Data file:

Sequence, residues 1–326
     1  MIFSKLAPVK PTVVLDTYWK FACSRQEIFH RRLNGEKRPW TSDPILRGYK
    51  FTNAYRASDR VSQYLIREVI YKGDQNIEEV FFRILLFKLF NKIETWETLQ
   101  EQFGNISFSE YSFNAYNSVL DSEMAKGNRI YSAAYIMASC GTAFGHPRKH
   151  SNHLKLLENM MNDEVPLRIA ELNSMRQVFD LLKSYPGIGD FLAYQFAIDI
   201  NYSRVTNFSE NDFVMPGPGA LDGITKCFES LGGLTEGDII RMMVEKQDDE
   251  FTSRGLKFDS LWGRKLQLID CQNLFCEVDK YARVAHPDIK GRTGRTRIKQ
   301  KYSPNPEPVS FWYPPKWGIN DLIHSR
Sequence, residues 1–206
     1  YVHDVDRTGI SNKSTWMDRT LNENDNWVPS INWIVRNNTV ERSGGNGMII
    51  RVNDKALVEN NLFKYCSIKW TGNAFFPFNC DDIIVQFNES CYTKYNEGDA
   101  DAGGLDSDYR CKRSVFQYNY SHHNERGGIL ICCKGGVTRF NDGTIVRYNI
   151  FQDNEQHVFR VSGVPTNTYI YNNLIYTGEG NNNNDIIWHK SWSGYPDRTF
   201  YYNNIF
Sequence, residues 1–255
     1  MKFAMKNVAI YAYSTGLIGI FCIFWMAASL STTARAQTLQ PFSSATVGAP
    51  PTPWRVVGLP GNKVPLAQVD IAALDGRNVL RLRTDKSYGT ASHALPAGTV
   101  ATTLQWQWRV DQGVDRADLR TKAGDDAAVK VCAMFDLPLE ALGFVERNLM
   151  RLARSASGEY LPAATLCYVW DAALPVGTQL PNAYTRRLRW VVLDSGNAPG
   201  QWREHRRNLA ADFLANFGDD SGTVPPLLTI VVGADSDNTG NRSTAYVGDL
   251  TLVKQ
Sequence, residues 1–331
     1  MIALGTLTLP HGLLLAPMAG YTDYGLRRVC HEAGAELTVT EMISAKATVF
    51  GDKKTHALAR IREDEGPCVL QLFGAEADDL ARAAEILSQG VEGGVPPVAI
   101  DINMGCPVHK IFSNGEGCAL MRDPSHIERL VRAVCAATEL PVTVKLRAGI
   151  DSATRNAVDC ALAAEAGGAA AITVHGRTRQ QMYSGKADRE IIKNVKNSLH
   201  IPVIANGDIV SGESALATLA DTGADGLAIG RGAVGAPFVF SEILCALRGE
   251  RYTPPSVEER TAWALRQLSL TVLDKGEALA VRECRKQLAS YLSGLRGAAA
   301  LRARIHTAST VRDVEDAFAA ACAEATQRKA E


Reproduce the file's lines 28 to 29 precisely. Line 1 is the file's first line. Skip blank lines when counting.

   251  RYTPPSVEER TAWALRQLSL TVLDKGEALA VRECRKQLAS YLSGLRGAAA
   301  LRARIHTAST VRDVEDAFAA ACAEATQRKA E